6 Tips From Fitness Device Super Users
Tip No. 3: Track With a Goal in Mind
Across the board, most QSers stress the importance of having a specific goal or objective. First you need to know what you want to learn or change. Then you track the right data to give you the answers.
QSers are known for using quantified data -- numbers, like calories eaten. You can also use qualified data like comparing how you feel from one time to the next.
During the year that she taught herself to dance, much of Karen X. Cheng's data were qualified data. Instead of numbers, she compared her performance with daily videos.
“I used tracking to become my own coach,” says Cheng, a San Francisco entrepreneur. (You can check out the video of her progress on YouTube, if you're not one of the 3.5 million who have already seen it.)
She used the web site Lift.do to track her practice and relied heavily on self-recording. “Each day, I used video to record my performance, and I watched it to find what I was doing that worked and what was tripping me up,” Cheng says.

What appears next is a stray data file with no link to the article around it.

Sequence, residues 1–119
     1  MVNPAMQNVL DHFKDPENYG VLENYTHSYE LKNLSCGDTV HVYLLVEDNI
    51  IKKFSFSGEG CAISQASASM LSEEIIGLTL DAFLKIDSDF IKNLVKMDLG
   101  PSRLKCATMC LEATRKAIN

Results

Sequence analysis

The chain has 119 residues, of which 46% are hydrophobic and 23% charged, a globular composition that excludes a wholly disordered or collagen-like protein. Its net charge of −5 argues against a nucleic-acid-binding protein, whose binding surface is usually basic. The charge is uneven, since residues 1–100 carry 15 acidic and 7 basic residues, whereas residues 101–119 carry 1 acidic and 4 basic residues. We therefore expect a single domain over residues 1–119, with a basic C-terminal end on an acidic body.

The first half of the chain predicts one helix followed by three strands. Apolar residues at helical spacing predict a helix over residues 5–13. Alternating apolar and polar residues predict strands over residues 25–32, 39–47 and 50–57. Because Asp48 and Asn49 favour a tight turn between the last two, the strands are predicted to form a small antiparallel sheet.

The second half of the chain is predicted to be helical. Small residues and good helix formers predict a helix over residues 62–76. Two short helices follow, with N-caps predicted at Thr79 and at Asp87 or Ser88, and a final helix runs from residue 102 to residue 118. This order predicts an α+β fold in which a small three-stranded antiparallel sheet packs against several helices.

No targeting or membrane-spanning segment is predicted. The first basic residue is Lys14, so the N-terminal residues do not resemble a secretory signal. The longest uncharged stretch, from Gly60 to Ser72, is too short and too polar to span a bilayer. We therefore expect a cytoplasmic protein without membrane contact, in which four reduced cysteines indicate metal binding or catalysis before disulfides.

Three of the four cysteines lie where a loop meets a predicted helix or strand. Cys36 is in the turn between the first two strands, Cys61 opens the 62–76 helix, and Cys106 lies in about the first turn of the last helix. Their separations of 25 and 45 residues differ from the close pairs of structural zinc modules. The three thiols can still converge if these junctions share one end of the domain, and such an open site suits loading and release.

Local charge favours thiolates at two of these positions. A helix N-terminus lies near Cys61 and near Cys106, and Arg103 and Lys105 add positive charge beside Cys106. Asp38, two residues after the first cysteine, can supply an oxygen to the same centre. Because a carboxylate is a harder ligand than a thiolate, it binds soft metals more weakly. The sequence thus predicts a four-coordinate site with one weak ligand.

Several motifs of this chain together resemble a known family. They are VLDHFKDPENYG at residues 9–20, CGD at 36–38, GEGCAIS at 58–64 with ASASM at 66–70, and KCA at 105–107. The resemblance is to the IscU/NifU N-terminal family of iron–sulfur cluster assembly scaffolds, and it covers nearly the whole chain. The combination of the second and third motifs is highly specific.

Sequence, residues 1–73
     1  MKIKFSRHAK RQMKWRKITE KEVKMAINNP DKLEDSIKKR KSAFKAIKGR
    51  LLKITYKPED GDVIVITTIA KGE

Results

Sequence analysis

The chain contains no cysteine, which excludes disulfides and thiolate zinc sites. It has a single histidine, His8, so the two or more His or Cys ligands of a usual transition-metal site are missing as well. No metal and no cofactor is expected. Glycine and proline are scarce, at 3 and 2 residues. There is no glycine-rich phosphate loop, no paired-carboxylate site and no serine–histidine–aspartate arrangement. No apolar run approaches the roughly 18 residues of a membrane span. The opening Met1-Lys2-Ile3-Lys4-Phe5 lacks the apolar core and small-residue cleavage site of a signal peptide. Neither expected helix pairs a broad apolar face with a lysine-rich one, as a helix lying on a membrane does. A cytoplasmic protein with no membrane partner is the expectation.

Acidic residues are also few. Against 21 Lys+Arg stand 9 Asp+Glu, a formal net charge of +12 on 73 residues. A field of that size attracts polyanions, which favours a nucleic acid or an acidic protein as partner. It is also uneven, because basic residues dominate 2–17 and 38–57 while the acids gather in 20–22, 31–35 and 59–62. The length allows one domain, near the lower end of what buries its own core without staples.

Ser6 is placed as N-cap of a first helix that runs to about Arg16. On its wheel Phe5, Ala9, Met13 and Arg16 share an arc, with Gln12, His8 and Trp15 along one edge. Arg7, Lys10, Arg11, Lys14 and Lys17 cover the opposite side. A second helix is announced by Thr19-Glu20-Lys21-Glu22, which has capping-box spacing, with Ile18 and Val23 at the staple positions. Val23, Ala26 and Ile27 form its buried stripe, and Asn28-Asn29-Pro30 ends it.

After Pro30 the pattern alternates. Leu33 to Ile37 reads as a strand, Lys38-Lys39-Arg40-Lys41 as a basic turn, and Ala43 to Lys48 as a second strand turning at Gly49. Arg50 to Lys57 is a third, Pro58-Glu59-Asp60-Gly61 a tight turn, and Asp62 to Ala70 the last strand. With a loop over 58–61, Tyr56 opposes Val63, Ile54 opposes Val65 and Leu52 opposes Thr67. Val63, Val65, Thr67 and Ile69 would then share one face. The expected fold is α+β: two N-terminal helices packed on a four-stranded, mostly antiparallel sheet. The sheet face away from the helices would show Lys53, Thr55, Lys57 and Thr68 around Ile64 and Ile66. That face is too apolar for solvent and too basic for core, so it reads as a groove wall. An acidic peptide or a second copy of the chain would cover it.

She recommends focusing on your work in progress, not on your final performance. Focus on just one change or improvement until you master it, then move on to the next. You may need to tweak your goal, too.
Cheng also benefited from some quantified data during her training period. Based on data tracked by the SleepCycle app, she changed her sleeping habits. As a result, she was more alert, which improved her ability to learn those new moves!
Tip No. 4: Turn Data Into Motivation
Fun makes a difference, too. “We all like to feel like we’re winning or succeeding. So look for apps or trackers with a gamification angle,” says Alex Ince-Cushman, who tracks everything from sleep to exercise to time on his computer.
“For example, I set my tracker’s target goal to 3,000 points a day. [Points are how the Nike FuelBand keeps track of activity.] There have definitely been days when I was close but not quite there, and I ended up squeezing in a short run to get over my self-imposed arbitrary line,” Cushman says.
Many people work harder when they have a number to push against. Quantification --counting and measuring -- can urge you to spend more and more time working toward your goals.